What You Hear and What You Do

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They say a picture’s worth a thousand words but I’m yet to put a finger on what a song will get you. So with that in mind, here are a few songs you’ll hear around town, and maybe what you’ll be up to when you do.

“The Boys of Summer” by Don Henley.

It’s the hour of greatest clarity as the sun dips low in your rearview mirror and the first chill of the evening mist bites in the wind. Surfers fasten boards to jalopies and hang their wetsuits out to dry as you drive east, away from the purity of the ocean to a world where palm trees become skyscrapers; breaking waves become squealing breaks; and lifeguard whistles become Monday morning alarms.

“California Love” by Tupac Shakur.

You are pulling out of LAX with your friend from back east in the car. He’s never seen LA and you’re really just playing to his imagination as you crawl through airport traffic to the song he thought he’d be pouring champagne bottles over bikini models in Malibu to. In real life, you just sit on Sepulveda, breathing the diesel of city buses and the heavy fumes of jet engines powering-up for the long ride to Japan. Your friend looks around and his eyes ask “did I just fly six hours to hell?”

“California Girls” by the Beach Boys

You are wearing a Hawaiian shirt in Newport, eating lunch on someone else’s tab at the yacht club on the bay. A cover band plays the song and they’re all fifty and white haired and you find yourself surrounded by sun-bleached families that are as beautiful as the Irvine Hills that taper down into the Pacific. The boys have freckles on their noses and the girls have highlights in their hair. Everyone looks like they’re at summer camp today and Wimbledon tomorrow.

“Legs” by ZZ Top

You are eating lunch at a bar in Marina Del Rey where the unvarnished wood smells like the PBR someone spilled so long ago it wasn’t even ironic. The ocean air comes in through the screen door while you eat a cheeseburger next to a greybeard named Sam who’s missing one of his front teeth. You’re not sure what his profession is but you’re pretty sure he lives on a boat.

“Free Fallin’” by Tom Petty

It’s Christmas time in Kentucky and the radio dial in your mom’s car is cold to the touch when you turn up the volume. That’s because this is the song that you believe is the real Los Angeles anthem: a story about falling in love between the canyons; about Hollywood’s tedium and mediocrity; about the 101 highway you avoid like the plague. You drive through town and park at the grocery store, letting the car idle underneath the gray Midwestern sky as you let the last bars play out.

“Good Vibrations” by Marky Mark and the Funky Bunch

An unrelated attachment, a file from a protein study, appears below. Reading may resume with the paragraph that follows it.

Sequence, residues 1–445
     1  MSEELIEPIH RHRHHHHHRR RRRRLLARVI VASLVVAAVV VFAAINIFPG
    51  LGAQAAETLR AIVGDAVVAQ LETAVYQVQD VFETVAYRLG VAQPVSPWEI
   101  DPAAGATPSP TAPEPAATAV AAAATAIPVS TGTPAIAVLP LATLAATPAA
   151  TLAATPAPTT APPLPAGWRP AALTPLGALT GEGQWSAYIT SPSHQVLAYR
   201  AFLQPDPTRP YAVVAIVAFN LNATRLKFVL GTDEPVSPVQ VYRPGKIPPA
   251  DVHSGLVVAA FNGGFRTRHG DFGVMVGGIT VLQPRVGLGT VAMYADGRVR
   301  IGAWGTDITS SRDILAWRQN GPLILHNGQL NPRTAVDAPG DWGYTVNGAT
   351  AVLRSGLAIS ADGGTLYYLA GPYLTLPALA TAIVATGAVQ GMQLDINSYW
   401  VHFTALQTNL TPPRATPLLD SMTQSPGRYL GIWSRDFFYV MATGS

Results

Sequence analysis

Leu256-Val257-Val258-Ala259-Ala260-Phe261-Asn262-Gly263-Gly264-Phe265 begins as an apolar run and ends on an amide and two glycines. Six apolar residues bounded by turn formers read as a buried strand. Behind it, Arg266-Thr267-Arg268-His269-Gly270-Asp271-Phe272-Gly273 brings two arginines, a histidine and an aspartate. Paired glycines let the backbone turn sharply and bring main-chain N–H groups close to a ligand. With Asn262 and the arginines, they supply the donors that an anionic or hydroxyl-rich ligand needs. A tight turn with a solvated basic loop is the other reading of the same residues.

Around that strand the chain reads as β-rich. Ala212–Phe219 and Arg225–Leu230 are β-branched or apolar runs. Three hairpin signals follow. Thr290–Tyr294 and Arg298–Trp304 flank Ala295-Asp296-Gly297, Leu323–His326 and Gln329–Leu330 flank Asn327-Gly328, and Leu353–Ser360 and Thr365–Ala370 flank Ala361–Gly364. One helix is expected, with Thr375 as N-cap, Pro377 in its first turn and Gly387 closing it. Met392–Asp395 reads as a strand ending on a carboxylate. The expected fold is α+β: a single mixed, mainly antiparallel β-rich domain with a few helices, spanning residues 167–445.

You used to be jogging but not you’re stopped. That’s because you just ran into Olympic Boulevard, all six lanes of it, and there’s nothing for you to do now but wait while you soak in the carbon monoxide fumes of passing traffic. It’s hot and stinky and as the mufflers drown-out your iTunes, you think about what a disaster your physical fitness has been ever since you moved to a city where a helicopter is the only safe way to escape your neighborhood.

“Hotel California” by the Eagles

It’s night as you drive down Wilshire Boulevard underneath the Beverly Hills palms. Traffic moves only slightly slower than you wish it would but you’re annoyed at how every time you get up to speed, the whole road ahead of you lights up red with halting taillights. When you hear the whole “Dark desert highway / cool wind in my hair” schpeal you think the same thing you always do – that you should get out of the city. Maybe see the coast up north or the mountains inland. Whatever, you keep going. There will be time for that later.

“Vogue” by Madonna

You are in the airport in Atlanta, Georgia, wondering why you love this song so much. It made so much more sense up against the backdrop of rollerblades, volleyball nets, and beach graffiti at that party in Venice, but here in the land of humidity and Chevy Cobalts, it sounds tinny and dated.

“LA Woman” by The Doors

The brightness of your iPhone screen burns your eyes as you sit parked outside your friend’s apartment in full night. On the side streets of Los Angeles night is total. Dark. Peaceful. Hints of a city in the lights stretched across the valley, the hills rising higher, a skyscraper like a wart here and there. Jack opens the door and sits down in the car as the bass line rises and Jim Morrison begins to crow. “Thanks for driving,” he says.

“Night Moves” by Bob Seger

A hipster you might have judged for his shitty fedora hat feeds a five-dollar bill into a dive bar jukebox and this is the first song he picks. You’re now his friend, maybe seeing a bit of yourself in a song about youth on the plains, kind of how everyone selfishly identifies with whatever is good. You tap your fingers to the beat while you wait for some networking date to arrive – apparently a person and not just a name in an email signature.

“New York, New York” by Frank Sinatra

You’ve never actually lived in New York but this song still captures your imagination and in a way, comes with doubt. You think of all your friends back east who probably stayed up until 4:00 in the morning, banging their mugs and singing along while you were asleep 3,000 miles away. It’s hard to imagine this life now – one without cars, where your world extends only as far as you can see and not across the three freeway interchanges between here and San Diego. Decisions unleash potential but they also eliminate possibility. So it is in Los Angeles, California.

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